Lefty opens in 68-67, leads Wells Fargo

By Doug FergusonMay 3, 2013, 11:06 pm

CHARLOTTE, N.C. – Phil Mickelson has figured out the secret to the greens at Quail Hollow. Or maybe he's just had a lot of good bounces for two days.

Mickelson opened with a pair of 15-foot birdie putts, dropped in a 40-foot putt at the turn and made back-to-back birdies late in his round Friday. He finished with a 5-under 67 for a two-shot lead going into the weekend at the Wells Fargo Championship.

Quail Hollow, renowned for pristine conditions, had everything go wrong with spring and wound up with putting surfaces that are mostly choppy with brown patches where the grass has died. Two greens were entirely replaced by sod last week.

Despite that, Mickelson has taken only 50 putts in two rounds. And the most staggering statistic of all? He hasn't missed from inside 10 feet.


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''I think that the greens are putting very, very good, obviously, because I've putted them well,'' Mickelson said. ''But with them being slower, we're able to putt them aggressively. We're able to take some of the break out without fear of racing it way by. And I've made a concerted effort to leave uphill putts, which has allowed me to putt even more aggressive and play even less break. And that's made a big difference in my putting.''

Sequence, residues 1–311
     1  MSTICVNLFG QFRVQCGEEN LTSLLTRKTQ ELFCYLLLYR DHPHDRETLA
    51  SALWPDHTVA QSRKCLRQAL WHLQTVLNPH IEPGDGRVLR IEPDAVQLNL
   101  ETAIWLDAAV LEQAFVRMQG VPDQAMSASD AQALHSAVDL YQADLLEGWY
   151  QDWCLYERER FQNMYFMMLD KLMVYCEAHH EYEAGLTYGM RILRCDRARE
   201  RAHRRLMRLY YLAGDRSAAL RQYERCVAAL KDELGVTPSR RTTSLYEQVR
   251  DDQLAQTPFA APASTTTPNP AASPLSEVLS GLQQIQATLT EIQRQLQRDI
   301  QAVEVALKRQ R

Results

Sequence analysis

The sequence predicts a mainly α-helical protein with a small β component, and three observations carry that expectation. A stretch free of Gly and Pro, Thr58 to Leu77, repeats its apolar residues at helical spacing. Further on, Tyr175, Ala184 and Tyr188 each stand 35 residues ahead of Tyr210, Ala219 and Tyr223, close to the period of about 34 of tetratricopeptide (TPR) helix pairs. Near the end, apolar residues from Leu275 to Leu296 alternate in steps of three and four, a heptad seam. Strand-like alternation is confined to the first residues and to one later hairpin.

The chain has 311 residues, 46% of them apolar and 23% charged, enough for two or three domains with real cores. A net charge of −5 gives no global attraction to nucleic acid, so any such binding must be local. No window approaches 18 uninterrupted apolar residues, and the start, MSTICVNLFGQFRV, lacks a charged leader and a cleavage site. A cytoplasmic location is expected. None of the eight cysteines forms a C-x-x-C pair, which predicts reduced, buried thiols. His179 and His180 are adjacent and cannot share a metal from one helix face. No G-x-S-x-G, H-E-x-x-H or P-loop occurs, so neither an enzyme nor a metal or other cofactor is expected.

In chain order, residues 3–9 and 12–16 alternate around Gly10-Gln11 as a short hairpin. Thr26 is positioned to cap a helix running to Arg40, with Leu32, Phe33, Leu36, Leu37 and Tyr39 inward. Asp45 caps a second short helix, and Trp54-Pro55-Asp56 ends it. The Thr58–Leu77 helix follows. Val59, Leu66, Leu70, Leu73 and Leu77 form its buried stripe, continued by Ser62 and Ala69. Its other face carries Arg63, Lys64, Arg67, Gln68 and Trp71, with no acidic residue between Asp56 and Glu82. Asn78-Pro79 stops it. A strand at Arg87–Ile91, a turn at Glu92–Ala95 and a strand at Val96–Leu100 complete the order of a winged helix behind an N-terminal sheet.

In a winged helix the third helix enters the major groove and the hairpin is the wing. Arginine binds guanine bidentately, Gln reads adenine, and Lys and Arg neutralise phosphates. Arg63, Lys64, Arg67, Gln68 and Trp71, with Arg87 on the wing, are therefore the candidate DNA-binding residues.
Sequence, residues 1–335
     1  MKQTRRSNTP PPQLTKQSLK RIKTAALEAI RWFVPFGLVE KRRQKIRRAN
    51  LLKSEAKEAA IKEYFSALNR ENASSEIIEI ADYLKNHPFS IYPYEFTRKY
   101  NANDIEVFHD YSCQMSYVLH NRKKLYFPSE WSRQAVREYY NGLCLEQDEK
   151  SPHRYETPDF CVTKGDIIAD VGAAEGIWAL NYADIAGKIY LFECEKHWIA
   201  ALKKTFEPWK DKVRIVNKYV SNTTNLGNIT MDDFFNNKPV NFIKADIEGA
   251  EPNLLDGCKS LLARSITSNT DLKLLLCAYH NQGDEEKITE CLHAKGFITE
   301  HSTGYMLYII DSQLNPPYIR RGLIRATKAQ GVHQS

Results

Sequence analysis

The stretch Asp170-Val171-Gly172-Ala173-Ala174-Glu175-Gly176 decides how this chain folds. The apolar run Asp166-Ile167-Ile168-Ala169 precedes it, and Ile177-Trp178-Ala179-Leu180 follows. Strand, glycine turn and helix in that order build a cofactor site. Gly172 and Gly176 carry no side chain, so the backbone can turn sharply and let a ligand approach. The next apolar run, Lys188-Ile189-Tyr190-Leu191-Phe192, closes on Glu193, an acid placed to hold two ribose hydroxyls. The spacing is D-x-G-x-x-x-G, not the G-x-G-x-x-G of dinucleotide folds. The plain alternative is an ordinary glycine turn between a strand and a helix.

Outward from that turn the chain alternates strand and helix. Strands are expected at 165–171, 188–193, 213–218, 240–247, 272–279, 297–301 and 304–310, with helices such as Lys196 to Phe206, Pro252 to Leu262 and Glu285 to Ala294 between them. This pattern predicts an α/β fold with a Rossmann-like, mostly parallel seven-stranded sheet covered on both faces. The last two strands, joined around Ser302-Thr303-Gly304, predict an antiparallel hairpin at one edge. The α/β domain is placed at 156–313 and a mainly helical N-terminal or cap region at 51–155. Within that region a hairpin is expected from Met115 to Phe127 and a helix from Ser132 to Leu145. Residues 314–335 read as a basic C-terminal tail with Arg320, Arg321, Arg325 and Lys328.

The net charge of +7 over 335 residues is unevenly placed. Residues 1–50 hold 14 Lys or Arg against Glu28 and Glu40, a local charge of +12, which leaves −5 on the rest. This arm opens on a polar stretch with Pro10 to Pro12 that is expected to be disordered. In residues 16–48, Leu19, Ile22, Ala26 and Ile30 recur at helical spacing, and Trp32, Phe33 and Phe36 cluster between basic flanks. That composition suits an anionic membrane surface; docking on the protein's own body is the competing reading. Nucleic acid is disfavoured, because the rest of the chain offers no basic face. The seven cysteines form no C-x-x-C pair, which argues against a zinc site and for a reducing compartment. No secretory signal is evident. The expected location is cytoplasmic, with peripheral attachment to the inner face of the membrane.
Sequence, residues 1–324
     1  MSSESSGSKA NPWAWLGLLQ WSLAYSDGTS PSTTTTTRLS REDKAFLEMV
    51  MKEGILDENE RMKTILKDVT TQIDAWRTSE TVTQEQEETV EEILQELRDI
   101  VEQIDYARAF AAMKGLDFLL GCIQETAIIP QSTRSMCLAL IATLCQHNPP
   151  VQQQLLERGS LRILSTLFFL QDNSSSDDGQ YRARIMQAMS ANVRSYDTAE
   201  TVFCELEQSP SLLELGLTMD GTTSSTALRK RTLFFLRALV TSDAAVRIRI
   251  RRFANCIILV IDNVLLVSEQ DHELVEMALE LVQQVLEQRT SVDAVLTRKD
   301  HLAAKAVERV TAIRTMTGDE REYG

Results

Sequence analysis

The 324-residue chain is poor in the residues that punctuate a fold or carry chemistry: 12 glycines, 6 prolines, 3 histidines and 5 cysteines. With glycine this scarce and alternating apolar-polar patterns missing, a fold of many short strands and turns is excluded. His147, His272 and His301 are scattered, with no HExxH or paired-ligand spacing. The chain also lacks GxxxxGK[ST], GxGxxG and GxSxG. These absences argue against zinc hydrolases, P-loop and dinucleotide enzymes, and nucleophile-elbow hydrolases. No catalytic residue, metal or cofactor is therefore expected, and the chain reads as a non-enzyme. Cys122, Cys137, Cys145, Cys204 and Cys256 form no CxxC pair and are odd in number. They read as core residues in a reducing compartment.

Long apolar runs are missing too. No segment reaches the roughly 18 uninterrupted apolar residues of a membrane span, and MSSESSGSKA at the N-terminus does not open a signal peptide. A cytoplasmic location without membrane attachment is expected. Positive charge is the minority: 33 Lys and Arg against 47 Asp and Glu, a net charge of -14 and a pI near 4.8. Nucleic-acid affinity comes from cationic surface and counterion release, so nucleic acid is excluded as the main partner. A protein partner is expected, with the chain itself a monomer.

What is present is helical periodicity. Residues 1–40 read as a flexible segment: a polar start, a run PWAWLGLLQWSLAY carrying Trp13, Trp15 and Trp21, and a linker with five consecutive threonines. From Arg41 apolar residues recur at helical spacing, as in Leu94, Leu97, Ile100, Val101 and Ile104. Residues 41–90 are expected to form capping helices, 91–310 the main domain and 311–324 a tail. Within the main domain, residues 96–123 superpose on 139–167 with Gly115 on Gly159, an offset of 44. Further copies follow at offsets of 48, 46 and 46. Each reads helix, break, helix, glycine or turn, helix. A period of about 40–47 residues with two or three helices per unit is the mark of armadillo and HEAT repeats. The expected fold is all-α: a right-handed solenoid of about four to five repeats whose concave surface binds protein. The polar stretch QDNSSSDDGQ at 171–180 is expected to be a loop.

For a tournament that already has had six major champions win in the 10-year history, Mickelson is missing from the list. And it's a title he dearly wants. He was at 9-under 135 heading into the weekend, though there is plenty of star power around him.

Nick Watney played with Mickelson the opening two rounds and looks efficient, going bogey-free on the back nine. He had a 70 and was at 7-under 137, along with George McNeill (68) and Scott Gardiner, the 37-year-old tour rookie who had missed eight straight cuts coming into the Quail Hollow. Gardiner, the first Aboriginal Australian to become a pro golfer, ran off four straight birdies at the turn and had a 67.

Rory McIlroy struggled with the speed of the greens - he felt they were much faster than Thursday - but rallied on the front nine with three birdies for a 71. Lee Westwood twice hit into the water on the par-5 seventh and still escaped with a bogey by making a 25-foot putt. He had a 68. They were in a group at 6-under 138 that included Rod Pampling, the ninth alternate and last man in the field.

Sergio Garcia twice made news for his work on the greens.

Garcia used his wedge to knocked in a 5-footer on the third hole, only this wasn't any protest about the overall conditions of Quail Hollow. He had a scrape mark left by cleats, which he described as 3 inches long and nearly an inch high.